BANGKOK (NNT) – Thailand’s Public Health Minister, Anutin Charnvirakul, insists that COVID-19 cases in Thailand can still be traced, and this is not a second wave of the COVID-19 outbreak.

Mr. Anutin said COVID-19 has not spread extensively in the country and the situation remains under control. Health authorities found that the origin of all recent cases is Tachilek, Myanmar.

The problem emerged after a group of people entered Thailand illegally, because they did not want to be quarantined for 14 days, and this was a selfish act.

The Public Health Minister has instructed relevant agencies to notify relatives of Thai people in Tachilek to report, to prevent illegal entry.

After returning to Thailand legally, they are required to complete the 14-day quarantine. Disease control officials are ready to look after all Thais living near border checkpoints. Mr. Anutin also agreed with entrepreneurs who want to take legal action against illegal returnees, as they have caused damage to their businesses.

The Public Health Minister added that the Prime Minister and Defense Minister, Gen. Prayut Chan-o-cha, has directed the Spokesman for the Center for COVID-19 Situation Administration (CCSA), Dr. Taweesin Visanuyothin, to provide factual information and updates on a daily basis, to correct misunderstandings and rumors.

Chiang Rai to hold “Big Cleaning” to boost confidence

After a group of people entered Thailand from Myanmar, Chiang Rai authorities reported that six people in state quarantine tested positive for COVID-19 yesterday. In an effort to boost the confidence of local people and tourists ahead of the long holiday, a “Big Cleaning” event will take place throughout the northern province this Thursday (Dec 10).

The Governor of Chiang Rai, Prajon Prachsakul, said different sectors will join the “Big Cleaning” event and announced that there will be no lockdown in the province. If no new infections are reported in the next 14 to 25 days, Chiang Rai would be considered a safe destination.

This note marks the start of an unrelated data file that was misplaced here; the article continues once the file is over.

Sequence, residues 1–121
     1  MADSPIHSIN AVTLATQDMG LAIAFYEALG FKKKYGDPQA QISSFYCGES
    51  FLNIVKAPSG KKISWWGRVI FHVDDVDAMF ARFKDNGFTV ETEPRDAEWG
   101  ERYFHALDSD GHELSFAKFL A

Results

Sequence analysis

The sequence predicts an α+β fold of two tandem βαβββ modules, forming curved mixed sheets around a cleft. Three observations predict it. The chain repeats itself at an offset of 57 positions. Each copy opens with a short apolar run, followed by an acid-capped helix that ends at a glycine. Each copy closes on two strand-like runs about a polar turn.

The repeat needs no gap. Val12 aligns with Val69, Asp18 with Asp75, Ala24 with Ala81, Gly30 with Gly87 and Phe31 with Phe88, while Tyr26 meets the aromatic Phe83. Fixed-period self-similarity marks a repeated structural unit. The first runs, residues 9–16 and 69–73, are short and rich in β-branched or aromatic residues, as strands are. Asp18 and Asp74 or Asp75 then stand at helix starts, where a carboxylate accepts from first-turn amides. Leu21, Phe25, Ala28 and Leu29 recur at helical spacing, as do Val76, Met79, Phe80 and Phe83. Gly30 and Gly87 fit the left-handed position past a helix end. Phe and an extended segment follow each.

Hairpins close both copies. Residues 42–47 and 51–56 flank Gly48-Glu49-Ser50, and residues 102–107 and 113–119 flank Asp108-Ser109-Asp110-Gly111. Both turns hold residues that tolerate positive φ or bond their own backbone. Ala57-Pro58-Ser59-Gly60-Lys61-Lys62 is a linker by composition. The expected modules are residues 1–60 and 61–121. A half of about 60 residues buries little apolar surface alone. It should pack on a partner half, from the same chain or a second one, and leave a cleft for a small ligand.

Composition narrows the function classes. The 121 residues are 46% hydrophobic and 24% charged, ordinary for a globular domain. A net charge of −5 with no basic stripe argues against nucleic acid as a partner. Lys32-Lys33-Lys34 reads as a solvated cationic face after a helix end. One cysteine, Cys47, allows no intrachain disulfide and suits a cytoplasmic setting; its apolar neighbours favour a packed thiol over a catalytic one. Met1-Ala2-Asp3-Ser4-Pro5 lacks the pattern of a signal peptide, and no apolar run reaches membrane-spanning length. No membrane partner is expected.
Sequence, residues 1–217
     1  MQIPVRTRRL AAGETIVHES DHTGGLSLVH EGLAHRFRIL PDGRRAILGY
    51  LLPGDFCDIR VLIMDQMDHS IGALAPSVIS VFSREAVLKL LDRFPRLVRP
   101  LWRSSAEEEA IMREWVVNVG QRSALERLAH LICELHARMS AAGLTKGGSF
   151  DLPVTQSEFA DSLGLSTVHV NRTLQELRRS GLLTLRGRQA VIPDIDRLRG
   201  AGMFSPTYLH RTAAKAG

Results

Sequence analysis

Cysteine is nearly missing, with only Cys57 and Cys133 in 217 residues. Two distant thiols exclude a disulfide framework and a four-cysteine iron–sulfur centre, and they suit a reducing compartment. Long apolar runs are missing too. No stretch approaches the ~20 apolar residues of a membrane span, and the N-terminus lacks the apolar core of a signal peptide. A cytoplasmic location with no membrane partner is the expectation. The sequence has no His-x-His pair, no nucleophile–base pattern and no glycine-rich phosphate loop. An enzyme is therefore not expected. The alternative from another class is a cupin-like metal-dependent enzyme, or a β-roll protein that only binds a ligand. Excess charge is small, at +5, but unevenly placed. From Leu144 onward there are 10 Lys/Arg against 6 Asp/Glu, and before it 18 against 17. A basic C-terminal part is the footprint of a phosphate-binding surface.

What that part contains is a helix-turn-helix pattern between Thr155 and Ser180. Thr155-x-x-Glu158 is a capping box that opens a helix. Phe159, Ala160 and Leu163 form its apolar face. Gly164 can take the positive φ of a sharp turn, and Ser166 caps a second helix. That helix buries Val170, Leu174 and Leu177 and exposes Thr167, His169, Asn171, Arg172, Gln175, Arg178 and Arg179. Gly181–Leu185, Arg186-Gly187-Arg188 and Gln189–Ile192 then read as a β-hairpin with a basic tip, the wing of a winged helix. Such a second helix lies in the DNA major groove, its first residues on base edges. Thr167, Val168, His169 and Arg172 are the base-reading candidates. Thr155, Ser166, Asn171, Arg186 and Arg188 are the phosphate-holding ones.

Yesterday, six people, who were placed in state quarantine in Chiang Rai, tested positive for COVID-19. They entered Thailand via the Second Thai-Myanmar Friendship Bridge. They have been taken to Chiang Rai Prachanukroh Hospital for treatment. Currently, 158 returnees from Myanmar are in local state quarantine, and 26 are in hospitals. Seventeen of the returnees illegally entered the country. The situation remains under control.

A public health officer in Chiang Rai, Dr. Thotsathep Boonthong, said 26 infections were reported in Chiang Rai, most of whom were from local state quarantine. Authorities are able to keep the situation under control. After a school in Chiang Rai’s Mae Sai district requested a temporary closure between December 7 and 13, because one of its students came into close contact with an infected patient, the physician said the closure is not necessary.

Students and education personnel are advised to wear face masks and follow other precautionary measures. The authorities will clarify the issue with the school management to prevent any misunderstanding.

The Director of Chiang Rai Prachanukroh Hospital, Dr. Chaiyawej Thanapaisarn, said there have been more patients and Thai returnees recently, but the hospital can only accept 60 patients. Mae Fah Luang University Medical Center Hospital in Chiang Rai will serve as a backup facility, as it has some 300 hospital beds.

About the author

Leave a Reply

This site uses Akismet to reduce spam. Learn how your comment data is processed.

Sign Up for Our Newsletter

Get notified of our weekly selection of news

You May Also Like

Omicron: Thai expert predicts more cases but with possible herd Immunity

Dr Manoon believes the Omicron strain will eventually infect everyone, whether they have been vaccinated or not, causing entire populations to achieve herd immunity. He suggests that the variant will operate as a live attenuated vaccine, delivering stronger immunity stimulation than existing COVID vaccines.

Two years ago: Thailand reports first case of Covid-19 outside China

On January 3, a few days after authorities reported a cluster of atypical pneumonia in Wuhan, Thailand started to screen passengers from China for symptoms of acute respiratory infection.

Southeast Asia Covid-19 : shifting from pandemic to endemic

Multiple governments, including the Philippines, Malaysia, Thailand, and Vietnam, have announced timelines to ease pandemic restrictions, normalize life with Covid-19, and revive their economies.